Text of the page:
The Creation of Math Derelicts in Texas

Sep 24, 2015 by

math derelicts

“The Creation of Math Derelicts in Texas”

By Donna Garner



I feel compelled to tell the story about the way our Texas public school classrooms are turning thousands of students into “math derelicts.”    


First, the story begins with Kim Belcher, a distraught parent in Katy ISD.  Her heart-wrenching experiences with her own 9th grade son in Katy ISD are being replicated in classrooms throughout Texas and our entire nation.







In the late 80’s and early 90’s, Dr. Jim Milgram (long-time, respected Stanford University mathematician and professor) joined with others to battle the NCTM (National Council of Teachers of Mathematics) and the Dana Center (in Austin, Texas) which came up with a backwards-thinking way of teaching math.  This has been referred to with terms such as “new math,” “transformational math,” “reform math,” and “rain forest math.” The latter term was used to describe a math textbook that spent over a hundred pages talking about global warming, environmental issues, and the social justice agenda before ever teaching its first actual math problem.


I believe there are two philosophies of education and only two. They cannot be mixed any more than oil and water can be mixed.


Type #1 is traditional, knowledge-based, academic, systematic, and measurable. Type #1 elicits right-or-wrong answers based upon objectivity and facts. 


Type #2 emphasizes process as being more important than the right answer.  Type #2 is subjective and is based upon opinions, beliefs, and feelings with the end result being a lack of emphasis on traditional, foundational knowledge.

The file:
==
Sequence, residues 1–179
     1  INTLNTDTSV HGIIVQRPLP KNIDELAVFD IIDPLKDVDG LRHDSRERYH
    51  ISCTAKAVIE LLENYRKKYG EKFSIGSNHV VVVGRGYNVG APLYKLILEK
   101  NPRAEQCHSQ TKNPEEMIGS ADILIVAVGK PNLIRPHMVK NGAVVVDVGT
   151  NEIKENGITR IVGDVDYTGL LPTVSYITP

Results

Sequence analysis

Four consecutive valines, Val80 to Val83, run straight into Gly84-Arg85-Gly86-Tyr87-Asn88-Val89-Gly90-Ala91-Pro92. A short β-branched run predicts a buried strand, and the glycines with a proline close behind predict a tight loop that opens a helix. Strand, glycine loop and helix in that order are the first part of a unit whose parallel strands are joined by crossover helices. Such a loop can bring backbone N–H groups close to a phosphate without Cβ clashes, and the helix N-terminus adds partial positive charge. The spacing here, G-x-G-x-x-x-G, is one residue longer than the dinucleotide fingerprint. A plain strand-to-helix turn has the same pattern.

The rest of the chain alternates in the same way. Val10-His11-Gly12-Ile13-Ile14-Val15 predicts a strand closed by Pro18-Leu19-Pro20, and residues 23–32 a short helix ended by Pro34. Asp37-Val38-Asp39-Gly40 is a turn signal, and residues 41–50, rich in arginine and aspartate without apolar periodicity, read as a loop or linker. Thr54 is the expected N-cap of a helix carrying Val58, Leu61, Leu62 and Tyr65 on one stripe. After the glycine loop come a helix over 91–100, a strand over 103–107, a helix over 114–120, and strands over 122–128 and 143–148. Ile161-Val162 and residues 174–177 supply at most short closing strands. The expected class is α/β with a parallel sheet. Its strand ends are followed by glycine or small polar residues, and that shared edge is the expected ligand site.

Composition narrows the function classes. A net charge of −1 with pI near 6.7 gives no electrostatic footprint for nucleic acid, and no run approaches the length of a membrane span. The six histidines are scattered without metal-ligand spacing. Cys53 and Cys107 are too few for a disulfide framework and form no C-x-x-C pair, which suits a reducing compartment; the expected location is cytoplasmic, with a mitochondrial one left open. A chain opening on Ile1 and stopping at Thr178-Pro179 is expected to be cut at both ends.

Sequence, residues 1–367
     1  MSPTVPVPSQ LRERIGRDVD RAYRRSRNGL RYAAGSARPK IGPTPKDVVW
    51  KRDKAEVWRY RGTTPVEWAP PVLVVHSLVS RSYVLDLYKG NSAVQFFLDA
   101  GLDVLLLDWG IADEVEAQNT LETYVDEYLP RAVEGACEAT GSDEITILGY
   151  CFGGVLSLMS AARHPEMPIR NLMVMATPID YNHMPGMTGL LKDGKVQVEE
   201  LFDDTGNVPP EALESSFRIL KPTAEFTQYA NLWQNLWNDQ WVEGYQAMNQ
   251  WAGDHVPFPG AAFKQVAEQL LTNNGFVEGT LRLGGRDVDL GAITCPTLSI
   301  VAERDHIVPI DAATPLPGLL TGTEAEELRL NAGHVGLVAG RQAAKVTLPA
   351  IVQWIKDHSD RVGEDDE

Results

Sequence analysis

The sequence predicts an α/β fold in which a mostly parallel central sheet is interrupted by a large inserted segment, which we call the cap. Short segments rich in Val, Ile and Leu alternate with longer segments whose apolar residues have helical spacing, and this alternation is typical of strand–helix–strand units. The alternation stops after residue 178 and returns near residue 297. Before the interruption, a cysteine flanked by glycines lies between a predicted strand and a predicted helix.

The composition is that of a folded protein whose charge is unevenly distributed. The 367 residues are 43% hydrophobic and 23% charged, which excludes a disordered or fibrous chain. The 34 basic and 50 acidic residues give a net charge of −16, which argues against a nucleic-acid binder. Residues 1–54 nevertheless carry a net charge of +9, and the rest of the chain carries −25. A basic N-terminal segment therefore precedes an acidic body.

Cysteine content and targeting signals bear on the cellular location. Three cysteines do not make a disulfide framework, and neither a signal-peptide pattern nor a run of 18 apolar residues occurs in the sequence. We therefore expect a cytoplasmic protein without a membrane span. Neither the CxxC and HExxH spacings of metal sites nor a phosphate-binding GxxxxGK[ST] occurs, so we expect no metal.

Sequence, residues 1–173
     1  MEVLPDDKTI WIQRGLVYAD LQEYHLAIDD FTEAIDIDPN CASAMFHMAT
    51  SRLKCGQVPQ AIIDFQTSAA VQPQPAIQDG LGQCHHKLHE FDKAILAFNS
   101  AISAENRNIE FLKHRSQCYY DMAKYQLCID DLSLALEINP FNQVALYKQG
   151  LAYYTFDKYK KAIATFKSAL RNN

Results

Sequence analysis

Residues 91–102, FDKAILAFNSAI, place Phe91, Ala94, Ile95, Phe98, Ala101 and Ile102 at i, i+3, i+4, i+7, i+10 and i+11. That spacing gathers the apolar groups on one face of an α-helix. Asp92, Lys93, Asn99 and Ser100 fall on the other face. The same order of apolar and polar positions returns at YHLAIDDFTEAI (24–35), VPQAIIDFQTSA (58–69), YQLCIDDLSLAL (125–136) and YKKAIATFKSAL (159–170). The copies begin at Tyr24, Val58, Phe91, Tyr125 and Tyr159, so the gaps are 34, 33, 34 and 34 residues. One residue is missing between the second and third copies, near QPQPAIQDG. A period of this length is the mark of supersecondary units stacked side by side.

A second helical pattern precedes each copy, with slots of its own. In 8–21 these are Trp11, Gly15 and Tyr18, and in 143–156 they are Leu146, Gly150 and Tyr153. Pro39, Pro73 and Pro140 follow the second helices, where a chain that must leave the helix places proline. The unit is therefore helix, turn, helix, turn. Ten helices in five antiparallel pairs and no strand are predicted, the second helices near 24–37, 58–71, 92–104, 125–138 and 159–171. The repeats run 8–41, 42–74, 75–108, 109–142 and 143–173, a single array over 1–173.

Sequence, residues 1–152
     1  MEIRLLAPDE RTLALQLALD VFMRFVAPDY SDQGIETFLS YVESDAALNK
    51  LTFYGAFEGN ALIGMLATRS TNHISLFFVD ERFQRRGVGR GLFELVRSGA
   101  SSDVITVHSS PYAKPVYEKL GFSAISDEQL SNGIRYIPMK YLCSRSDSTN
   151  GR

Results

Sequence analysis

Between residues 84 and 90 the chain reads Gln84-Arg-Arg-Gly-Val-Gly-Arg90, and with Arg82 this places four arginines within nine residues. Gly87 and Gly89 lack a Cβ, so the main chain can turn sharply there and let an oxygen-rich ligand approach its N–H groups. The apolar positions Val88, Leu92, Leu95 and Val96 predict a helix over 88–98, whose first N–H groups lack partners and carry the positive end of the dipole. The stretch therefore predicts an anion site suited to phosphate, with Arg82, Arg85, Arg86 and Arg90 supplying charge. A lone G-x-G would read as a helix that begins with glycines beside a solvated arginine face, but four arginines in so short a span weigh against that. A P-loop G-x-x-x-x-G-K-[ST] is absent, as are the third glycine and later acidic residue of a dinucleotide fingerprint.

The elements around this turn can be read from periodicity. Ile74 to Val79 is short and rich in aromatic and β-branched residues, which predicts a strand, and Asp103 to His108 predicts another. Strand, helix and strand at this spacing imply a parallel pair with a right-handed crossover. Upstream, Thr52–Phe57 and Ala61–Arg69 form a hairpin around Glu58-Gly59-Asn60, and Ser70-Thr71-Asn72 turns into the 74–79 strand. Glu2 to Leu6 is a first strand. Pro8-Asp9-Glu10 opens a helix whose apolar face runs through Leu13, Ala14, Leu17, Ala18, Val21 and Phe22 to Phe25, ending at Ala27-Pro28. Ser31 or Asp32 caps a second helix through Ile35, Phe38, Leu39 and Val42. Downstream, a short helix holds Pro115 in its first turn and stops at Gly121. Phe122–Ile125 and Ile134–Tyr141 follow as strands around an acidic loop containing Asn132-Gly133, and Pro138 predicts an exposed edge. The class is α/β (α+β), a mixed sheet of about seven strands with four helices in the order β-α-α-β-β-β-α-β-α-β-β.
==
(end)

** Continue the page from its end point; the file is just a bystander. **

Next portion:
When Texas wrote its 1997 Math TEKS (curriculum standards — Texas Essential Knowledge and Skills), Type #2 won out largely because Cathy Seeley was the chair of the Math TEKS writing team, was a staffer at the Dana Center, and is the writer of Common Core math materials published by Pearson.


For more than 15 years, the Type #2 Math TEKS were taught in our Texas classrooms.  These TEKS were full of the Mathematical Process Standards (MPS) instead of requiring that strong, traditional, systematic content standards be taught to Texas students.




Knowing that Texas’s math students were suffering mediocrity and worse, the then-Texas Commissioner of Education Robert Scott and the elected members of the Texas State Board of Education (SBOE) set out to change course. They determined that the new Math TEKS should be Type #1 (i.e., knowledge-based, academic, clearly worded, grade-level/course specific, increasing in complexity from one grade level to the next, and measurable (with questions requiring largely right-or-wrong answers). These Type #1 standards would then require Type #1 curriculum and Type #1 tests (i.e., STAAR, End-of-Course).


Dr. Jim Milgram was brought in as an expert mathematician and math curriculum specialist.  Ms. Nakonia Hayes (an experienced teacher and principal who was an authority on Type #1 Saxon Math) was chosen to be on the 2012 Math TEKS writing team. 


Dr. Milgram and Ms. Hayes worked long and hard to influence the 2012 Math TEKS writing team to follow the parameters of the Type #1 philosophy of education.  All was progressing nicely until almost overnight the Mathematical Process Standards (MPS) popped up at the top of each of the 2012 Math TEKS sections and became the Introductions for each grade level.  It is believed that Cathy Seeley of the Dana Center managed to influence “someone” in leadership on the writing team to insert those MPS into the TEKS document.